Researchers, athletes, executives and artists have all searched for the holy grail that is often described as ‘being in the zone’ with tantalising glimpses into this powerful state appearing sporadically and seemingly at random.

Kotler, Wheal and Csikszentmihalyi amongst others, have tried to indicate conditions or ‘triggers’ to enter this state of ultimate performance. With the former suggesing no less than 17 different triggers, and the latter suggesting  eight, as well as their opposing ‘detractors’ makes getting into flow a seemingly complicated exercise.

As a performance coach, I’ve found that the following conditions pretty much sum up the fastest way to get into flow. Try them out.

Purpose: what is so valuable to you that you need to put all your effort and attention to it? Defining clearly and succinctly why you want to get important something done – a clear goal to achieve imminently or a level of performance you need to be at now, will allow your mind to ‘dial in’ and sweep aside any other distraction present. Whether you are on the 10m diving board at the Olympics or getting ready to deliver a keynote speech to your company, NOW is important, and nothing else matters. 

Passion: are you doing what you love and are passionate about, so much that you have invested huge amounts of time, effort and money into what you are about to accomplish? If so, then you are more likely to trigger all the parts of your brain required to perform in a flow state. If it is boring, inconsequential or a chore, then ‘the magic’ simply won’t happen.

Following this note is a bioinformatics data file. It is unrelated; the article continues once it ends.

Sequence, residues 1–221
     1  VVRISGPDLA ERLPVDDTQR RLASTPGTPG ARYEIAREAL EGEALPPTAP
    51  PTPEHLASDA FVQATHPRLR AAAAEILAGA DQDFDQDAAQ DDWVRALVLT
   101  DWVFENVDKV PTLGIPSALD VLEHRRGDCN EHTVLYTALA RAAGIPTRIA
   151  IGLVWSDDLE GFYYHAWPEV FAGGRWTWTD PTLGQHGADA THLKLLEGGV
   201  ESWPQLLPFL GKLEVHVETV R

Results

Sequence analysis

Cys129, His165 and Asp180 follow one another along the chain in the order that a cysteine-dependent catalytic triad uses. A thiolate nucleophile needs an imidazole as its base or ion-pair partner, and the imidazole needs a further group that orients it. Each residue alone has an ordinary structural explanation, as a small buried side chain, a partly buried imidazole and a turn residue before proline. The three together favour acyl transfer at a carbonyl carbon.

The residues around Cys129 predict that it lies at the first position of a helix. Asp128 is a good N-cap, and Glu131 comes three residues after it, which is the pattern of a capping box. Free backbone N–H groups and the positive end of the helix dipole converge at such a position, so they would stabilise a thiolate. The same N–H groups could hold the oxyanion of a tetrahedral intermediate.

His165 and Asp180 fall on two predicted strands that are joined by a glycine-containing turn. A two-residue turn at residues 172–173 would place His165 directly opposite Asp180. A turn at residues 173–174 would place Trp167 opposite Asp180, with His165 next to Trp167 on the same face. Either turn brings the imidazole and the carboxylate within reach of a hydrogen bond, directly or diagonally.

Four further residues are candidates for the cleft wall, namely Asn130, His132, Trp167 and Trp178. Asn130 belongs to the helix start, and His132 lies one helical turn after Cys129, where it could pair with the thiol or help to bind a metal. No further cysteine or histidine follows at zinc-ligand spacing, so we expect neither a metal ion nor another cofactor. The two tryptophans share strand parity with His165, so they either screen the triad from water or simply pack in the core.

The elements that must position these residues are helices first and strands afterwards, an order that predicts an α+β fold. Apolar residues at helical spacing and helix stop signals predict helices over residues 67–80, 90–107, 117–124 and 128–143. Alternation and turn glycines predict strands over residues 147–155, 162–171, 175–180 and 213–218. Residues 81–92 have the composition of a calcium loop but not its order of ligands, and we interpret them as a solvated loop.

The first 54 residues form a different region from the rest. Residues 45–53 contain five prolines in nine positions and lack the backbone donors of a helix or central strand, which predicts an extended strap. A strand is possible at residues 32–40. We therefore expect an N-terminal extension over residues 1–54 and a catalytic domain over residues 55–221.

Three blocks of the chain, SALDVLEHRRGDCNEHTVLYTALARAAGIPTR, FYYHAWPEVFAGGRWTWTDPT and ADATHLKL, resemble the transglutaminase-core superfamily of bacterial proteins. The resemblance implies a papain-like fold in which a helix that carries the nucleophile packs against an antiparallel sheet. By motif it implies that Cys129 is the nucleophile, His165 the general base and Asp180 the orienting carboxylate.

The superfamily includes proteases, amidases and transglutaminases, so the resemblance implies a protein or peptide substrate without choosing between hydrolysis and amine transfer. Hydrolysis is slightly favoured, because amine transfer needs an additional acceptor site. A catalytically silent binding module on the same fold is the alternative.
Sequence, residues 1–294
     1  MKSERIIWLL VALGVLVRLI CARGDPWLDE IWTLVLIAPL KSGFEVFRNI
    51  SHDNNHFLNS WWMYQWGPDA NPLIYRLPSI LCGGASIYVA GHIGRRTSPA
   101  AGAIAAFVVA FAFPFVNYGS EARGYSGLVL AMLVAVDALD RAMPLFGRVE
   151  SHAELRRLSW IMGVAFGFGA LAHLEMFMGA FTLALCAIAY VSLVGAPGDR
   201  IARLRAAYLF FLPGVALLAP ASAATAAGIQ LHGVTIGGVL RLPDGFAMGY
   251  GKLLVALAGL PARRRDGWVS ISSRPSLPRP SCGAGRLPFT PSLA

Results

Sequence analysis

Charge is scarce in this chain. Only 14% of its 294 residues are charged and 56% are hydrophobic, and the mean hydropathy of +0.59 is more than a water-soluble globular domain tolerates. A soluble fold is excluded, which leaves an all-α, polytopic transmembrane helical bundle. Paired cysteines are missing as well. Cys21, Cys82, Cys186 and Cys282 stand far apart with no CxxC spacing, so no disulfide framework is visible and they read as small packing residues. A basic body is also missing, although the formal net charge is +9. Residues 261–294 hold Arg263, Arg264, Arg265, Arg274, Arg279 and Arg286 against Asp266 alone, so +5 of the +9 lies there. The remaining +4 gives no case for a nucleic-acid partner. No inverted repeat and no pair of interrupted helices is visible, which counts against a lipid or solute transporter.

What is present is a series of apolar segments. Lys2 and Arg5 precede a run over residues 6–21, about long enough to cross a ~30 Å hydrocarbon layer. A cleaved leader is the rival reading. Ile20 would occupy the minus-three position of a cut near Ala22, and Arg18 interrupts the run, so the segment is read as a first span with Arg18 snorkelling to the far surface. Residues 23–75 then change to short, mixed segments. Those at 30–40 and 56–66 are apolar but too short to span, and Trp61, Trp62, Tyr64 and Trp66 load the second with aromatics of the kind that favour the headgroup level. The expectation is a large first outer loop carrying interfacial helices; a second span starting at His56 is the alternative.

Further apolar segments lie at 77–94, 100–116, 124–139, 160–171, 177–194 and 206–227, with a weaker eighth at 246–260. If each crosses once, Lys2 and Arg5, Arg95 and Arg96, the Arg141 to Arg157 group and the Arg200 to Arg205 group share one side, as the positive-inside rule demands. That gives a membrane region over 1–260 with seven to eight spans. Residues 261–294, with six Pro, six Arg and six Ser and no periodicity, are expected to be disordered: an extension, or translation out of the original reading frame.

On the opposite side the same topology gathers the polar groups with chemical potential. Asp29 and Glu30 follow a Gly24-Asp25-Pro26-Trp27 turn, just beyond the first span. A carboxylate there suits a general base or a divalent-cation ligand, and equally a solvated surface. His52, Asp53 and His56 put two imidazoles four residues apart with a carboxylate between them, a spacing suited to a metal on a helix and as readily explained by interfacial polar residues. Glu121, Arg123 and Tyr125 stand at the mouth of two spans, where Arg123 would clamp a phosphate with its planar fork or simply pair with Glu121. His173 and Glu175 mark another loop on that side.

Autonomy: selfish as it sounds, flow state is a mental state that exists within you. You are entirely responsible for success and the consequences of failure, which creates the pressure outside of your comfort zone required to enable flow. Science says, as little as four per cent out of your comfort zone, relying only on your competencies and decisions, is enough to trigger a flow state. Take ownership, don’t wait for others, dive in.

Mastery: you can’t get into flow if you are second-guessing yourself, and confidence comes from mastery. Fumbling around trying to find the strings on your guitar fret is not going to get you into the flow state experienced by jazz artists who have been practicing their art for decades. Flow appears later, as you become competent at something to an extent that your subconscious takes over and it seems like you are playing ‘on autopilot’. That ‘effortless’ feeling of doing something challenging like you could do it with your eyes closed, is exactly what flow state feels like.

Curiosity: is a powerful condition that is required to trigger the parts of your brain to light up in flow. Newness, whether it is your environment or situation, helps you dial in and focus on what you are about to accomplish. Curiosity about change and challenge shifts our mind from ‘hijack’ to ‘proactive’ that enables flow. If we fear the moment, flow gets blocked. We are curious about the challenge, and flow can happen. This challenge – skills ratio is a fundamental flow trigger and the decision to take on an otherwise scary challenge with curiosity makes all the difference.

Want to get more flow? Engineer these five conditions into your life and hold on tight!

For more information on flow state and team flow training, visit www.upyourlevel.com 

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